With Chinese New Year nearly upon us, Retail Week takes a trip to House of Fraser’s first store in China.
China doesn’t do things on a small scale.
A drive through the eight-lane roads of its tier one cities amid skyscrapers packed so densely that they leave no room for a skyline makes this abundantly clear.
Yuan Yafei, chairman of House of Fraser-owner Sanpower Corporation, clearly reflects his country’s ambitious nature.
Entering the capacious marble lobby of Sanpower headquarters, a gigantic embossed copper map takes centre stage, with huge clusters of white and red lights marking where Yuan has established businesses – and where he has yet to make his presence known.
One area clearly lit is the UK, where Yuan – one of the richest men in China – put his stake in the ground when he bought House of Fraser (HoF) in 2014.
Yuan was seen as the department store’s saviour when he snapped up the retailer, with many predicting a resurgence after years in John Lewis’ shadow.
That resurgence has not yet come to pass – although next month brings the unveiling of its five-year plan in which chairman Frank Slevin will reveal how he intends to revive House of Fraser’s flagging fortunes in the UK. EBITDA slid 11% in its last half, to July 30 2016, while total sales remained stubbornly flat at £573.5m.
In the meantime, the retailer is pursuing growth elsewhere, in Yuan’s homeland of China.
Welcome to China
One hour on the high-speed from Shanghai sits Nanjing, a city of eight million people which was the country’s capital for six dynasties.
When the House of Fraser management team gathered in the city just before Christmas for the grand unveiling of the store, they weren’t just marking the opening of a shop. The occasion symbolised a new type of entrant to a huge market.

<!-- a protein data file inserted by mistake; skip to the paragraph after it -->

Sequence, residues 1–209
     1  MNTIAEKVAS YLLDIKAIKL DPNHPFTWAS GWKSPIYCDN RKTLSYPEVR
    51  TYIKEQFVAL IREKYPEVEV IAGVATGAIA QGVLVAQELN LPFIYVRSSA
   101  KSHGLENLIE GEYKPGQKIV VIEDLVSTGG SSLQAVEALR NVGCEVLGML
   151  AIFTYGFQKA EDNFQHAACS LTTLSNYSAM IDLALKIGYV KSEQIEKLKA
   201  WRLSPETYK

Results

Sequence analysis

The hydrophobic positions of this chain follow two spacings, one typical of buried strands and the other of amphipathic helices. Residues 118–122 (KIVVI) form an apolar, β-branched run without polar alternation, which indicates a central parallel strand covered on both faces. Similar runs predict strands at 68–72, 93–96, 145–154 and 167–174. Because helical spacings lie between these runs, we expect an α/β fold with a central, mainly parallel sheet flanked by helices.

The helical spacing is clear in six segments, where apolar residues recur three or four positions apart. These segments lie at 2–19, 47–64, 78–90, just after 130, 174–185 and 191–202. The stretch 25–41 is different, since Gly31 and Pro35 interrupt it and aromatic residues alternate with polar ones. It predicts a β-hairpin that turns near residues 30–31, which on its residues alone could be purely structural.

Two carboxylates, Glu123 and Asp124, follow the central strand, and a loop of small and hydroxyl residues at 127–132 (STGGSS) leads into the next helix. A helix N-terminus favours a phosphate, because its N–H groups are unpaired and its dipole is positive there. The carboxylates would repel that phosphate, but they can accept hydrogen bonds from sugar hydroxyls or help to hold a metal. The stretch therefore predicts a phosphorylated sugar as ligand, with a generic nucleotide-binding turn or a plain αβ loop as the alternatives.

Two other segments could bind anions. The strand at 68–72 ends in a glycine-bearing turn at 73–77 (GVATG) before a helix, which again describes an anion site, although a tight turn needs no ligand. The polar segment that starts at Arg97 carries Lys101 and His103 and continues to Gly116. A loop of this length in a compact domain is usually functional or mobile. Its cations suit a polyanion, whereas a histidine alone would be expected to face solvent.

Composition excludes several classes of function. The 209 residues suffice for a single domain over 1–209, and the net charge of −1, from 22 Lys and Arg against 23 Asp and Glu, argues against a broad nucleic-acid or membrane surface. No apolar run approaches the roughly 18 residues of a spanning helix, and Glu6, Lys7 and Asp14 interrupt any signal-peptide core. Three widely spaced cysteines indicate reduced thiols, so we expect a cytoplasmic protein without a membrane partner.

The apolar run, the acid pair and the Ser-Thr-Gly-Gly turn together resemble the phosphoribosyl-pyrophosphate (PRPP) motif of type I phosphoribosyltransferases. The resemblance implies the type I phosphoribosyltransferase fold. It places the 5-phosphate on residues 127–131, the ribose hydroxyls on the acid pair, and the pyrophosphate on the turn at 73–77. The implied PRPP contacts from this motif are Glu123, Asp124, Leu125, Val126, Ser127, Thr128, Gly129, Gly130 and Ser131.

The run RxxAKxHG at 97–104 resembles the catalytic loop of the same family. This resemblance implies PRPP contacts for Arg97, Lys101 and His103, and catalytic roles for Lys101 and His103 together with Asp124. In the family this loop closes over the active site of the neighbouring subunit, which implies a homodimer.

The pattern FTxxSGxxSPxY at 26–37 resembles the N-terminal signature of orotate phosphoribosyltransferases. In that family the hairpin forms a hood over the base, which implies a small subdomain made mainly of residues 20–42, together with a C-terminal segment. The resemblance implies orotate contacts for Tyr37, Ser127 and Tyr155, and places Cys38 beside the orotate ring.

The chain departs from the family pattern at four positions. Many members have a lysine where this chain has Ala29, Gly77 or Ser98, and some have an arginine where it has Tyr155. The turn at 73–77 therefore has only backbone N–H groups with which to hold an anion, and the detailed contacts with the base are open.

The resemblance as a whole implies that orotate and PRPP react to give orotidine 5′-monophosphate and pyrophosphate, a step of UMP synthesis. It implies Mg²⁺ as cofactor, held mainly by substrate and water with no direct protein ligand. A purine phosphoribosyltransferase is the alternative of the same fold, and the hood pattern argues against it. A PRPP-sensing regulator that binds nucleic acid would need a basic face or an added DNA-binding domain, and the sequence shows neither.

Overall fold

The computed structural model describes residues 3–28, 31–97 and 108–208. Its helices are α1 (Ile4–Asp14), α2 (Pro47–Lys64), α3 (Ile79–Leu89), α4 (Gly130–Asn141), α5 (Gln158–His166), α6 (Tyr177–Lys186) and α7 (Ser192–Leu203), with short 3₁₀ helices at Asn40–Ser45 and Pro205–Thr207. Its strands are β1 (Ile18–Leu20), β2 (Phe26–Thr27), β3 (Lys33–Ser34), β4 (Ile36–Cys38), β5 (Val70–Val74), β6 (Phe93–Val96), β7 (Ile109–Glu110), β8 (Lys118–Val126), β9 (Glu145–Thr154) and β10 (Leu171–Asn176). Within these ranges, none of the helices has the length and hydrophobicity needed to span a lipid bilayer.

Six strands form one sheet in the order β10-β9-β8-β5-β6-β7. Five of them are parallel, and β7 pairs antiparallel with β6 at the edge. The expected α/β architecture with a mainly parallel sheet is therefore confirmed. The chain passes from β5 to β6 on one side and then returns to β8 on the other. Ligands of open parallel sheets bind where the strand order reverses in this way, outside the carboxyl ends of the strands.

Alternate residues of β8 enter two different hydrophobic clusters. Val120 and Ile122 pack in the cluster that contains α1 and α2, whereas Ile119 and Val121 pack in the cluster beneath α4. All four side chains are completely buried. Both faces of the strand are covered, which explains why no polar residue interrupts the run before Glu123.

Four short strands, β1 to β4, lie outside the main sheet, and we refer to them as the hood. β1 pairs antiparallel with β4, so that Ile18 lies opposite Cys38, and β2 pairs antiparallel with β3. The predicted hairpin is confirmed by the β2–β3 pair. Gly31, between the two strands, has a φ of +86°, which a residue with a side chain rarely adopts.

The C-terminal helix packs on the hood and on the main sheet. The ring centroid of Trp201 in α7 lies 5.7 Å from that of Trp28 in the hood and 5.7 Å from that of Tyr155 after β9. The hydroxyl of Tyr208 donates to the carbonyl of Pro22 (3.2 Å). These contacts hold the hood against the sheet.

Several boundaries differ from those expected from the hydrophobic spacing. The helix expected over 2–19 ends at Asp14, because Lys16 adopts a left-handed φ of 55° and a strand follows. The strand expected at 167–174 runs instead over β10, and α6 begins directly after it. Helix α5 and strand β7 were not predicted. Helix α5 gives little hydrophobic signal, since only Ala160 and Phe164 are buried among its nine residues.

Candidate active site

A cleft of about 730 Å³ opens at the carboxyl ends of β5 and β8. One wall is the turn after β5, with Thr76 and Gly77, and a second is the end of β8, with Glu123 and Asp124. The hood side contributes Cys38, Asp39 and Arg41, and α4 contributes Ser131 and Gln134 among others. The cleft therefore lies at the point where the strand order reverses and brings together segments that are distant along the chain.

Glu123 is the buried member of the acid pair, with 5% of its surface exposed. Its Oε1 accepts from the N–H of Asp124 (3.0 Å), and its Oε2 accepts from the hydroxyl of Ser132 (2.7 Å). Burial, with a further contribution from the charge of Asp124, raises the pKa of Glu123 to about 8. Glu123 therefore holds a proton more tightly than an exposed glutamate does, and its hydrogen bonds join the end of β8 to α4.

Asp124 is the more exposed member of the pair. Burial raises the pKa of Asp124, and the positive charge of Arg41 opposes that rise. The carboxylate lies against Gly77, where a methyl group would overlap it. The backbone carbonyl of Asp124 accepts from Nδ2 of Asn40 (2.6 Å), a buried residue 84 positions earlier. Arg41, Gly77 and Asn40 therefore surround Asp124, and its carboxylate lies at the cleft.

While China is not short of department stores – Sanpower owns another two in the country – the normal model is more akin to “shop-in-shops”.
House of Fraser, by contrast, has an unusual level of control over its shopping experience, pricing and merchandising, says Joe Wong, Sanpower vice president for department store strategy and a former Kate Spade vice president.
“On opening day, we invited 400 department store operators from across China to see the store,” he continues. “They hadn’t seen anything like it in China before.”
The Chinese department store market, like those in the West, is not particularly healthy. “The department store sector has been struggling in the country,” says Planet Retail associate analyst Anna Hoang. “Store closures have been high over the last few years.”
As in the UK, the market is fiercely competitive. Stores house the same brands and provide a similar type of experience.
These ‘shop-in-shops’, which crowd the Chinese high streets, are nothing like their British counterparts.
Instead, department store owners act like landlords, leasing out space to brands and retailers to do what they like with.
Visitors to these stores are met with assistants that shout out and try to hawk their wares like market stall sellers would.
Bargain bins overflow and entrances are covered not by doors but by plastic curtains, through which customers shove to get inside and out.
The brands housed in these stores tend to sit towards the lower end of the market than those in HoF, but equivalent items are not dissimilar in price.
The experience, however, may as well be from another world.
HoF is clearly banking on this. Management tout experiential retail – which in this market is like a bolt from the blue – as HoF’s ticket to success regardless of how tough the market is.